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Transfer an Image onto Watercolor Paper

Today I'm breaking down four effective methods for transferring images onto watercolor paper: the Graphite Transfer, the Lightbox/Window Tracing, the Tracing Paper Method, and the Projector Method. Each technique is detailed with step-by-step instructions, making them easy to follow and apply to your own artwork.

Method 1: The Graphite Transfer

Our first method involves the use of graphite to transfer your image. You can buy a graphite stick for a faster process, or pick up an 8B pencil to make your graphite extra dark, or just use any pencil you already have.

  1. Choose your desired image and print it. Ensure the size matches your watercolor paper.

  2. Using graphite pencil, fill in the back of the printed image completely.

  3. Position the image, graphite side down, on your watercolor paper and secure it with tape.

  4. Trace the image onto the watercolor paper, ensuring the graphite is transferred.

  5. Remove the printed image to reveal a light trace of your design on the watercolor paper.

This is what the back of your printout will look like.

Method 2: The Lightbox/Window Tracing

The second method requires a lightbox or a sunny window. This method is excellent for precision and allows you to trace directly onto your watercolor paper.

  1. Select your image and print it out

  2. Position the image on a lightbox or tape it onto a sunny window.

  3. Position your watercolor paper over the image and secure it.

  4. Trace the image onto the watercolor paper.

  5. Remove the paper to reveal your traced image.

Method 3: The Tracing Paper Method

The third method is the tracing paper technique, a classic method favored by many artists for its simplicity and effectiveness. It involves two tracings, allowing your to become extra familiar with your subject.

  1. Print out a mirrored version of your image.

  2. Secure the tracing paper on top of your printout and trace with a pencil.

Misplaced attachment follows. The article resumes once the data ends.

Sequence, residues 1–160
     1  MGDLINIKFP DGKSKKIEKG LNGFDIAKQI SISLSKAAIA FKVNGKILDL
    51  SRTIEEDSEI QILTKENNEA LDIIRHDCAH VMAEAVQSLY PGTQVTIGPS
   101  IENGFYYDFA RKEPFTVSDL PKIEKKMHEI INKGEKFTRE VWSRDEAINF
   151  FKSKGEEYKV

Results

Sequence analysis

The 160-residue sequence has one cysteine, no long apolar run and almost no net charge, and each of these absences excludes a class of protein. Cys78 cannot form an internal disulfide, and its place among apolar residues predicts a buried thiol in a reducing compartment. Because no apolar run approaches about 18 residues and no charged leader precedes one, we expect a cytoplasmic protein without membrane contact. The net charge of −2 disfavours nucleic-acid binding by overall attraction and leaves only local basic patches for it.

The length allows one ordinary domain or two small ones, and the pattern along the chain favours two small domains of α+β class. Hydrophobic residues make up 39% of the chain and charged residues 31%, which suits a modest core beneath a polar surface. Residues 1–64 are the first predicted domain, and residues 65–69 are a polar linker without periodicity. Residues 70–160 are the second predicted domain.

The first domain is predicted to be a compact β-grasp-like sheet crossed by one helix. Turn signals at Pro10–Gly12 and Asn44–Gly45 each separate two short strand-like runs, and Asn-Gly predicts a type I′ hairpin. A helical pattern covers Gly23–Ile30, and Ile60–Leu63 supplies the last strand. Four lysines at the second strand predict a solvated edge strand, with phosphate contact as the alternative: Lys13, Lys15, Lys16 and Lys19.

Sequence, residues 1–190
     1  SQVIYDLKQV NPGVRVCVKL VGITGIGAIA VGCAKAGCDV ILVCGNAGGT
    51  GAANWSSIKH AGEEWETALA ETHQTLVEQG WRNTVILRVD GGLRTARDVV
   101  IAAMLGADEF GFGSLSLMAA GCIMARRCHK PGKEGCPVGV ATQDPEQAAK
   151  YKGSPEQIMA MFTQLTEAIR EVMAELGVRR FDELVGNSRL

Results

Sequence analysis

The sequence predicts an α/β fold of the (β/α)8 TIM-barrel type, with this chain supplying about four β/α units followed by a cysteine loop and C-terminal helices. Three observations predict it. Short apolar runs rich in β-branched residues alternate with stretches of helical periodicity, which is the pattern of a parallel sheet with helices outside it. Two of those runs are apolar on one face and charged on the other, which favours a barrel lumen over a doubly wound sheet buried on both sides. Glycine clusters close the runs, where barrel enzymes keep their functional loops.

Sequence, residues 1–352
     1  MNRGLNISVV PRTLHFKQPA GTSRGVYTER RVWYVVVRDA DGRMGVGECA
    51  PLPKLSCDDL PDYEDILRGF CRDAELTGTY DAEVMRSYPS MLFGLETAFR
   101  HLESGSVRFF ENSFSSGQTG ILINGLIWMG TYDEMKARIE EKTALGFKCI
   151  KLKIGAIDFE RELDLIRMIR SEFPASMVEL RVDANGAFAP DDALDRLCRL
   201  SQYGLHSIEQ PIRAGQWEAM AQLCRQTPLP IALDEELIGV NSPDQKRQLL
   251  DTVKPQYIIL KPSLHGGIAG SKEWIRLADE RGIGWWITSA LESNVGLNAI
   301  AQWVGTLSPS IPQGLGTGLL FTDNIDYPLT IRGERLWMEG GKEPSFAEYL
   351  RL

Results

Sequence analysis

3. Remove the tracing paper place it on your watercolor paper, graphite side down.

  4. Secure the tracing paper with artist's tape or any tape that's not too sticky.

  5. Trace over the graphite, this will transfer the graphite onto your watercolor paper.

Method 4: The Projector Method

The final method employs a digital projector, which can be especially useful for larger works. Here's how to do it:

  1. Select your image and digitally upload it or open it on a device connected to a projector.

  2. Position your watercolor paper where the projected image can be clearly seen.

  3. Adjust the size of the projected image to fit your paper.

  4. Trace the image onto the watercolor paper.

  5. Turn off the projector to reveal your traced image.


  1. Roll a kneaded eraser into a coil and roll it all over your watercolor paper if you think your pencil is too dark. The eraser will pick up any extra graphite, just remember to keep kneading it every now and then to keep it clean.

  2. When drawing on watercolor paper, try not to press too hard as it will indent your paper, causing paint and water to pool in those areas, creating unwanted outlines.

  3. Practice these methods and discover which one suits your artistic style the best. Remember, art is about expressing yourself, so don't be afraid to experiment and make these techniques your own.

Happy Transferring!

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